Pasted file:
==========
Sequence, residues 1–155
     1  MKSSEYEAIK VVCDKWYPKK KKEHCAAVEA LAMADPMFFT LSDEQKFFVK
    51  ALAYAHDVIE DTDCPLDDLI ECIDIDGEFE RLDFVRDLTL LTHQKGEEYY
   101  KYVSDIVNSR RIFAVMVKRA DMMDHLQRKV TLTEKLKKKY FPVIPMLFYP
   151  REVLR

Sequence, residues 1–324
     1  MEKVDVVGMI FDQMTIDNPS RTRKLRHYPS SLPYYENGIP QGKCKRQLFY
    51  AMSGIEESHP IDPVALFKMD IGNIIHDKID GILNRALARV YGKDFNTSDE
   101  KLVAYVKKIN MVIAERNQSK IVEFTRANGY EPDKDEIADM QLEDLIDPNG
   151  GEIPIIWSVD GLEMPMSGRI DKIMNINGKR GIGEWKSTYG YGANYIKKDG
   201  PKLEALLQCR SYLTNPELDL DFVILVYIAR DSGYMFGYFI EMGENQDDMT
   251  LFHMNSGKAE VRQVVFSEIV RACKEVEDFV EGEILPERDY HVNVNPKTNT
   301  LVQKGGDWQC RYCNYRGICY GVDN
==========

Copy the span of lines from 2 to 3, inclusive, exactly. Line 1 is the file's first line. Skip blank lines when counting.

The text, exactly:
     1  MKSSEYEAIK VVCDKWYPKK KKEHCAAVEA LAMADPMFFT LSDEQKFFVK
    51  ALAYAHDVIE DTDCPLDDLI ECIDIDGEFE RLDFVRDLTL LTHQKGEEYY